That policy came at the end of a struggle, led by both students and staff, to re-make the way the College values its low-to-mid pay-grade employees. After a long and sustained effort by these activists, the College formed the Ad Hoc Committee on the Living Wage in 2003. The charge of the committee, as quoted in the Committee’s report, read as follows:
A multi-constituent committee is charged with exploring approaches to building further on the progress made in increasing the minimum level of staff compensation at the College. The Committee will report to President Bloom and to the community during the next academic year on its view of what is best for the institution…It is prudent and right to aim at a higher minimum compensation. This new committee will work to suggest ways this could best be packaged and try to identify consequences of a new system.
The report went on to outline two different approaches to re-tooling Swarthmore’s policy on staff compensation, one supported by “a substantial minority of the committee”, the other supported by a majority. Both approaches stipulated that “Swarthmore should modify its current health insurance benefits such that the lowest-paid employees receive full HMO coverage for their families at no cost to them” (page 6). The majority of the committee recommended increasing Swarthmore’s minimum wage to $10.72 an hour, while the minority recommended a minimum wage of $13.89 an hour (page 1). The report addressed various other aspects of staff compensation as well. In 2004, the College adopted many of the Committee’s suggestions and implemented a new pay scale.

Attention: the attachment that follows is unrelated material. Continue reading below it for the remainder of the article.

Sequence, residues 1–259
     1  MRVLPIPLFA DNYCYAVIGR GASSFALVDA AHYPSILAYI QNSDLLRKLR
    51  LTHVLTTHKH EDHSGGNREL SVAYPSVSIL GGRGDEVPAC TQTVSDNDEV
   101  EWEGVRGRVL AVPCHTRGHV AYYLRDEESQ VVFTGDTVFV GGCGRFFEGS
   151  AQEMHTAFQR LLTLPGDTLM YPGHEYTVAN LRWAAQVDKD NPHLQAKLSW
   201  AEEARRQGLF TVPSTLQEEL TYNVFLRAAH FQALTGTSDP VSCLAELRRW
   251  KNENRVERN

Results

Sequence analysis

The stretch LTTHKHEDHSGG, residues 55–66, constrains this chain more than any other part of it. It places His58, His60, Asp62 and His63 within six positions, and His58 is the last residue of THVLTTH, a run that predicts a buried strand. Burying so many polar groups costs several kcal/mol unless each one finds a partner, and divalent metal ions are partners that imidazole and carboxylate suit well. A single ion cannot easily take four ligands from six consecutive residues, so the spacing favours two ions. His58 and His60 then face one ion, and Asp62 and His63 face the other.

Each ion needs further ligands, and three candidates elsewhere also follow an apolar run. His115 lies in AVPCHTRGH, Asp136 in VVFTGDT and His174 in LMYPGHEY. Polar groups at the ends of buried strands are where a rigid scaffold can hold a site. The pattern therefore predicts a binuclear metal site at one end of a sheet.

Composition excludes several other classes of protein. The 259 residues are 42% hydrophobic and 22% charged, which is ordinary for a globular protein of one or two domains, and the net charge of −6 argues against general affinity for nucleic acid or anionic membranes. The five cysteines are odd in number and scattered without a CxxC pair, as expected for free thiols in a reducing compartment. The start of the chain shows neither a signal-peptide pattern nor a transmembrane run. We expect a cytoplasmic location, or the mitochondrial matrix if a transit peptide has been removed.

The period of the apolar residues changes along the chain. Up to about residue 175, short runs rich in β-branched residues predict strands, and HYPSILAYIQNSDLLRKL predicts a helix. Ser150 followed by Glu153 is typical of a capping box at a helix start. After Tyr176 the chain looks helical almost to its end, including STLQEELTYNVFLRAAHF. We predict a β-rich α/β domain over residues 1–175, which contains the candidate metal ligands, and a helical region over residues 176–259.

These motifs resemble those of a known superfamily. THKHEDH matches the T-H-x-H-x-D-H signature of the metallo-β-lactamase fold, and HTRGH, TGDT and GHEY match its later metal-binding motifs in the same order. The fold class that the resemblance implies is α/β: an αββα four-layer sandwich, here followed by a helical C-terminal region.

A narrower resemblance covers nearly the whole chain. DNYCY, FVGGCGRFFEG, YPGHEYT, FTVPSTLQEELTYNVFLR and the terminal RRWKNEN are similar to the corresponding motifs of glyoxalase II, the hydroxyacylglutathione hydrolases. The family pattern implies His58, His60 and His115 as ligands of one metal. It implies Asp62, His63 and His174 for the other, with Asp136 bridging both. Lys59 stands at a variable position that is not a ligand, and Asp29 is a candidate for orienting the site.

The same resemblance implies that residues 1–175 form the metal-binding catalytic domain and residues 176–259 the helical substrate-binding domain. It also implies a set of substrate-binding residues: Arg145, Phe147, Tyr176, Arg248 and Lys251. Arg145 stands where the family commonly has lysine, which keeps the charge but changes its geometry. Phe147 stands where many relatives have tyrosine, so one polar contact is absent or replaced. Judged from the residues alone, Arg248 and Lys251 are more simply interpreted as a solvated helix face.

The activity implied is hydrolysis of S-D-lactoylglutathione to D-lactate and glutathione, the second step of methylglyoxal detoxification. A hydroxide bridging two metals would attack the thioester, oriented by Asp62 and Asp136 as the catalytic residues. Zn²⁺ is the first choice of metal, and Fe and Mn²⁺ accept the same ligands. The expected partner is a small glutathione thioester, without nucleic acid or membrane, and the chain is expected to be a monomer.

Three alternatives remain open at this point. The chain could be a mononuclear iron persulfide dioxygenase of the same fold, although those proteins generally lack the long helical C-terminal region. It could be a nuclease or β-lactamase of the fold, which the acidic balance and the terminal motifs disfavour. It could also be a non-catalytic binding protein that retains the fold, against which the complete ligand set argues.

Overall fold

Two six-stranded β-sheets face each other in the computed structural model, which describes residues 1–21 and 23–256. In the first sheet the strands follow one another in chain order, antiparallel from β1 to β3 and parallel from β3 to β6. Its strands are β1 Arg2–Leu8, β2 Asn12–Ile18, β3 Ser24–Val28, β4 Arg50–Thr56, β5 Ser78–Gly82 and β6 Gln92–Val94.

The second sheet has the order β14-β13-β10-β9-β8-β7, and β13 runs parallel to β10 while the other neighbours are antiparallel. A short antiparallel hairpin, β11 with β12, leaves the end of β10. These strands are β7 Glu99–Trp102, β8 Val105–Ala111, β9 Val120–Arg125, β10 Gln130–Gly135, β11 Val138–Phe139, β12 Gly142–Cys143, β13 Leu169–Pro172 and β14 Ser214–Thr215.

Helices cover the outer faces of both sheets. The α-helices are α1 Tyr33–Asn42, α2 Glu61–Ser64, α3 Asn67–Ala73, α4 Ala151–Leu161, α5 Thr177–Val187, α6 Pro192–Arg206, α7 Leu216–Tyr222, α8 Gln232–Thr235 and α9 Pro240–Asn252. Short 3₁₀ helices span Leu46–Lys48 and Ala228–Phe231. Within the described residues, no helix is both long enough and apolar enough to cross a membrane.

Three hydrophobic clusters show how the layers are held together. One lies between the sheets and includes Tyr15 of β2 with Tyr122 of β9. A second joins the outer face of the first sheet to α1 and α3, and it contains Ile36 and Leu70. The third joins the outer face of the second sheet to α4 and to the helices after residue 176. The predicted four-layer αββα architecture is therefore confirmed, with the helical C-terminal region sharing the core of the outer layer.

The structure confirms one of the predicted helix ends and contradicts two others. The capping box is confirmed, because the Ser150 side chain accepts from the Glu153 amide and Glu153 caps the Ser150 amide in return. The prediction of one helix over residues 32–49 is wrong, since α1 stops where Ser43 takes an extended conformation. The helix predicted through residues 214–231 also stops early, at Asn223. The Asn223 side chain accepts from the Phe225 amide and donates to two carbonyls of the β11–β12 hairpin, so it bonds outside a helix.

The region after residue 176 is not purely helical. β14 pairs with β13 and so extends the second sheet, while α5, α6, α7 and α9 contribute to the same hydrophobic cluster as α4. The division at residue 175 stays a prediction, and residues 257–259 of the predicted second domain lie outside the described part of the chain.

According the College’s current pay grade chart, Public Safety Officers and Patrol Officers are classified as pay grade 5, which has a market target minimum hourly wage of $17.67 and max of $19.53. Corporals and Sergeants are classified as pay grade 6, which has a minimum of $20.85 and maxes out at $23.04. These wages are offered in addition to the various benefits for which individual officers are eligible.